Researchers find pathway to restore aging muscle

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Researchers might be able to restore the aging body's ability to regenerate muscle, effectively turning back the clock on old muscle, by using "the right mix of biochemical signals," according to a new report from the University of California, Berkeley.

Researchers compared muscle samples from two groups of adult males—one group averaging 22 years of age, while the other group averaged 71 years of age. The subjects were then placed in leg casts for two weeks to simulate muscle atrophy. After the casts were removed, more muscle samples were taken at three days, then again at four weeks. Researchers found that adult stem cells in the younger samples were far more numerous than those in the older samples. What's more, when the two groups were subjected to a recuperative exercise regime, the older muscles actually showed signs of scaring and inflammation if the routine was too rigorous.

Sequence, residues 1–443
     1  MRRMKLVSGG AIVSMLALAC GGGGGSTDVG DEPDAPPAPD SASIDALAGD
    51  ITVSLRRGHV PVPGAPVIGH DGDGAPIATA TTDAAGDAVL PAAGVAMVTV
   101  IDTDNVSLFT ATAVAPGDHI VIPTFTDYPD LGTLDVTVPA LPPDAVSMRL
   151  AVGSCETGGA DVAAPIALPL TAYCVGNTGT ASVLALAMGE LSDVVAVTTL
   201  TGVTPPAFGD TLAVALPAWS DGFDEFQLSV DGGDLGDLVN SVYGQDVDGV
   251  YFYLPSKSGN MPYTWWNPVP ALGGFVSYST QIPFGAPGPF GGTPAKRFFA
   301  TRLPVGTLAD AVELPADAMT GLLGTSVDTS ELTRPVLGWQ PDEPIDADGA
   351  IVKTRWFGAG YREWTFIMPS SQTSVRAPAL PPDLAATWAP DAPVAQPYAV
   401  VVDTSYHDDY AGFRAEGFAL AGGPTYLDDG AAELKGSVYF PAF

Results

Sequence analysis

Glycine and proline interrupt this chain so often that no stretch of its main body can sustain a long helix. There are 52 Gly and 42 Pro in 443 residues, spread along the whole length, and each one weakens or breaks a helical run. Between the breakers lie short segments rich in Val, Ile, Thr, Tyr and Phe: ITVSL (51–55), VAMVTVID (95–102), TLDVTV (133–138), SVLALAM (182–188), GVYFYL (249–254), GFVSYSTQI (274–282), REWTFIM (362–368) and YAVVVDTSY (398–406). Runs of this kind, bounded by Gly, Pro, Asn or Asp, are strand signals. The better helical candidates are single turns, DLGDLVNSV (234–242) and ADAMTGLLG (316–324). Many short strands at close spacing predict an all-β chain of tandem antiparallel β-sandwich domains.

The researchers then tinkered with a few chemical receptors in the muscle tissue, including: Notch, which is a muscle stem cell receptor that triggers growth; TGF-beta, a protein that inhibits a cell's ability to divide; and mitogen-activated protein kinase (MAPK), which regulates Notch and is associated with organ growth. In older muscle, researchers knew that levels of Notch and MAPK tend to be low, while levels of TGF-beta tend to be high. By opening up the MAPK pathways in the older subjects, researchers were able to significantly enhance the ability to grow and regenerate muscle. This discovery means scientists could potentially target the MAPK and Notch pathways to effectively restore tissue health and spur muscle growth. Researchers hope to move on to clinical trials soon, according to the report, which appears in the Sept 30 issue of the journal EMBO Molecular Medicine.